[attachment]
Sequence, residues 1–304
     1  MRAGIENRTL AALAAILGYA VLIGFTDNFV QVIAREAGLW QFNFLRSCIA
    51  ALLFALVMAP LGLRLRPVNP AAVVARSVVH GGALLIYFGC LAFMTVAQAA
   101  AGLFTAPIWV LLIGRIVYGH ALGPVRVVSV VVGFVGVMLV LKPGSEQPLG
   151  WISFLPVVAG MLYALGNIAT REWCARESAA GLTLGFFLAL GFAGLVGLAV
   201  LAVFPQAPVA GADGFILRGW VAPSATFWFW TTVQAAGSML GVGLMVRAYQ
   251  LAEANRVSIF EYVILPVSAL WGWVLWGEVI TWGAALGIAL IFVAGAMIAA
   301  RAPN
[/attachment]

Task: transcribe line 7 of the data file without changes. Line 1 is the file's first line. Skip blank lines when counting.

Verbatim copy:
   251  LAEANRVSIF EYVILPVSAL WGWVLWGEVI TWGAALGIAL IFVAGAMIAA